YEMEN: Child bride escapes after months of abuse and chains


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The young girl had had enough. For months the Yemeni teenager named Hind from the Red Sea town of Hodeida had allegedly been repeatedly beaten and sexually abused by her 70-something husband to whom she was married off by her father and three uncles for the equivalent of $1,400 last year, according to the Yemeni English newspaper the Yemen Times.

She tried to run away from her forced marriage and abuser several times but was caught fleeing by one of the uncles who had arranged her marriage.


Angered that she had tried to run away from the deal he had brokered, the uncle felt Hind, thought to be 13 or 14 years old, needed to be punished for her deed.

So he put a long, heavy iron chain around her neck and tied her to his house like a dog for two months. The uncle apparently made the chain long enough so that Hind could move from the yard to the kitchen and the bathroom.

During this hellish time, Hind was also allegedly beaten by her uncle and sexually abused several times by her cousins.

She finally managed to escape two weeks ago, and details of her tragic story have begun to emerge.

The oldest of five children in a poor family, Hind was living in a shack with her siblings and their elderly blind father. The family’s main income was based on what she and her siblings generated from begging in the streets.

Hind was then married off to a man in his 70s during the Muslim holiday Ramadan last year. The old man did not have a house of his own, so he would take Hind to a place he shared with his friends or to the home of his ex-wife’s son.


The abused child bride finally managed to flee -- still with the chain around her neck -- and was given refuge at the home of a woman and her family in the city of Taiz in the Yemeni highlands.

The woman who’s giving her shelter, 55-year-old Zakya Mohammed, believes Hind is pregnant, added the report.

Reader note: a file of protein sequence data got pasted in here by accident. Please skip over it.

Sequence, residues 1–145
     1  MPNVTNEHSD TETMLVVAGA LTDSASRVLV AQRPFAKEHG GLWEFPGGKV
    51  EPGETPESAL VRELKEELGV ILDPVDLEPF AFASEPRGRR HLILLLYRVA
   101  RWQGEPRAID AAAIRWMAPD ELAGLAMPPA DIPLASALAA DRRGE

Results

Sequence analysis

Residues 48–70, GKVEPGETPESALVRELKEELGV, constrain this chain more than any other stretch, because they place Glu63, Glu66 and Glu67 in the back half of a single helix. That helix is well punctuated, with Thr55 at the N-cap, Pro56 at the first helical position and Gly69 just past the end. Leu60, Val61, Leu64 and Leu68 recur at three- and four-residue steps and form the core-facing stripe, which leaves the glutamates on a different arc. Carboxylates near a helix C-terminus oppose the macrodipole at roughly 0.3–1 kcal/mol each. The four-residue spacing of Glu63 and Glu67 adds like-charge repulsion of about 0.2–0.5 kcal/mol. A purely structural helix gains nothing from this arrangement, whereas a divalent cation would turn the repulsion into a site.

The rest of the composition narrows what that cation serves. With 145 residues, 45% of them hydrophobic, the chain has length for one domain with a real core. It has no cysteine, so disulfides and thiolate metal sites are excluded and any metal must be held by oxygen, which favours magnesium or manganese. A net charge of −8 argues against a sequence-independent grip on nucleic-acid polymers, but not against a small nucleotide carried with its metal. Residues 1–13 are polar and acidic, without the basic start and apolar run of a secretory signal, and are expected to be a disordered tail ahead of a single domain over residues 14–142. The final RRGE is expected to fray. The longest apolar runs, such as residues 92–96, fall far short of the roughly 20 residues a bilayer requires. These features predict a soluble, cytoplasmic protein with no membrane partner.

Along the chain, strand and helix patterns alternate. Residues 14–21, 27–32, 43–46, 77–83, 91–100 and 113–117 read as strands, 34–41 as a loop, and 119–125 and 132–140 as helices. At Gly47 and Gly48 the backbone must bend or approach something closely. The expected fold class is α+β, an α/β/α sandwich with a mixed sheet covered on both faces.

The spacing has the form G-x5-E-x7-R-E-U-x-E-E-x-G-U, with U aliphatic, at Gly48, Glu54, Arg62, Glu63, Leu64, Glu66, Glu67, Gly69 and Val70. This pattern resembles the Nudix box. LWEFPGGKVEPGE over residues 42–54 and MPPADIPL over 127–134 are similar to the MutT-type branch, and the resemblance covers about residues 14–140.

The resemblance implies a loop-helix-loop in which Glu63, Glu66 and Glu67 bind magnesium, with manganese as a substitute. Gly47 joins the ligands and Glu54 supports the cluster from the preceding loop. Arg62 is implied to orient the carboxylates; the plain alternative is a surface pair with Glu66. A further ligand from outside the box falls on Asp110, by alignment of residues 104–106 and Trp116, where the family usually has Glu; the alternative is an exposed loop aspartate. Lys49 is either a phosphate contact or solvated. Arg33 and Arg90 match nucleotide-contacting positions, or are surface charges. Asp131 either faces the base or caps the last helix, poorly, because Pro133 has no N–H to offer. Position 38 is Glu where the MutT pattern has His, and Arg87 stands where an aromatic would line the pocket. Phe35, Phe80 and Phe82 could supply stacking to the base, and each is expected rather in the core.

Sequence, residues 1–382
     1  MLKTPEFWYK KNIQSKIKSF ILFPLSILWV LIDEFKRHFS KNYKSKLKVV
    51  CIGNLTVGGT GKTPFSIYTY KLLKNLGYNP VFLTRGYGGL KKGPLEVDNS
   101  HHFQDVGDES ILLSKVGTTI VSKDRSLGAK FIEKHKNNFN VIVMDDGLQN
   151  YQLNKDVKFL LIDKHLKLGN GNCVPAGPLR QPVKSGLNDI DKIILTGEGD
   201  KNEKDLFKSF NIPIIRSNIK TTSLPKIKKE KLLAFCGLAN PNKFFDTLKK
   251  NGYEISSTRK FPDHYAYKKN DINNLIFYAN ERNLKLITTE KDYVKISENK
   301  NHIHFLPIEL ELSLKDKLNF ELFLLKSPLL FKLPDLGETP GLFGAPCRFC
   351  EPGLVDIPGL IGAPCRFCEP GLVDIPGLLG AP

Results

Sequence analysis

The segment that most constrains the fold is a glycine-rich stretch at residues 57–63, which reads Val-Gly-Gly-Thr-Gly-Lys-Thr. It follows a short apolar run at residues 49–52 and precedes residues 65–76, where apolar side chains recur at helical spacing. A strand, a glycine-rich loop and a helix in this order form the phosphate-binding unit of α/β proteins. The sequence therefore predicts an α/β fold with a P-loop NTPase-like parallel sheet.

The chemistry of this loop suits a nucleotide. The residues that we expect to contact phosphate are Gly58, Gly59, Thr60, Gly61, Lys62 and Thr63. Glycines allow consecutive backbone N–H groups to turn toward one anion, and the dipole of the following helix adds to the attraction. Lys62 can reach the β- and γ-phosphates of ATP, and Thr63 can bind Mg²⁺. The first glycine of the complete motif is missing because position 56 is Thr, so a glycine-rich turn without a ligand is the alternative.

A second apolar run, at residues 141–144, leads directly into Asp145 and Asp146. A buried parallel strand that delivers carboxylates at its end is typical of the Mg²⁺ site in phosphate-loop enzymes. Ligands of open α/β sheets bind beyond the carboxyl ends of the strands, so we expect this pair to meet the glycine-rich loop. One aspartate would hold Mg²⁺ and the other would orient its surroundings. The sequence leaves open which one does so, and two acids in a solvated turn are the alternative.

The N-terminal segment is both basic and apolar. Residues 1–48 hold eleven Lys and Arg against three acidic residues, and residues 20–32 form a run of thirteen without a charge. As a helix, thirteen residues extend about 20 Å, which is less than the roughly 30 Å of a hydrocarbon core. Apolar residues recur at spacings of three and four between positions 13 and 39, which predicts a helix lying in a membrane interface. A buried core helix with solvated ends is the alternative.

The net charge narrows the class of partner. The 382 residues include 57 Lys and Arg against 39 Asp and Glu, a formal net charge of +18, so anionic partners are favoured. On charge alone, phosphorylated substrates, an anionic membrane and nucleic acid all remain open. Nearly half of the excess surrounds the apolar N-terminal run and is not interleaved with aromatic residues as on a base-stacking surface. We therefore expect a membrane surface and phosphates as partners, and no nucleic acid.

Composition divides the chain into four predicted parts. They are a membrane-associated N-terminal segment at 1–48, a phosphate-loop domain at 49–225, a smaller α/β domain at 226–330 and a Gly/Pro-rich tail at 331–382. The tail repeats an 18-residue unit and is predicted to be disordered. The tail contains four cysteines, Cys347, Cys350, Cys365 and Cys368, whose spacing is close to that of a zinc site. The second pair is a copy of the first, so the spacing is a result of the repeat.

‘I will do my best for this poor little girl. She is in need of love, food, and safety,’ Mohammed was quoted as saying by the Yemen Times.

Hind, meanwhile, is happy to be safe and relieved to have escaped her torturers.

“I do not want to leave here until I feel sure that my uncle can no longer harm me,” she is quoted as saying.

It was not immediately clear what the authorities plan to do in the case.According to Yemen Times, the investigator at the police station had a look at Hind’s bruises and the chain around her neck. But instead of arresting the uncle, he apparently only wrote a memo and forced the uncle to sign a paper saying he wouldn’t put the girl in chains again.

Hind’s case is not isolated but the latest in a string of publicized cases of child brides in Yemen. Two years ago, 10-year old Nujood Ali became the face of Yemeni child brides when she turned up in a Sanaa court house and demanded a divorce from her husband, who was reportedly in his 30s.


Ali’s story was covered extensively in the Western media and the book she co-wrote with the French journalist Delphine Minnoui was recently translated into English.

The now 12-year old divorcee lives in Sanaa with her family, and the royalties from her book are covering her family’s new house and business, as well as schooling for both herself and her younger sister, Haifa.

But as 12-year old Sally Sabahi signed her divorce papers in Sanaa earlier this week, becoming Yemen’s fourth child bride divorcee, heated debates between reformists and conservatives continue to rage in the impoverished country over whether Yemen should ban child marriages.

Earlier this month, hundreds of women demonstrated outside the Yemeni Parliament in support for the implementation of a legislation which sets the minimum age for women to marry at 17 and men at 18.

But the anti-child-bride activists have been met with fierce opposition. Two days earlier, women opposing the child-marriage ban lobbied lawmakers in an even bigger demonstration outside the Parliament, said Agence France-Presse.

Some conservative Islamic clerics are also giving a ban on child marriages a big thumbs down.


A group of them condemned the law in a statement issued earlier this month, saying those who support the ban were apostates, reported the BBC.

So there is no law protecting children against forced early marriages in Yemen as of yet.

-- Alexandra Sandels in Beirut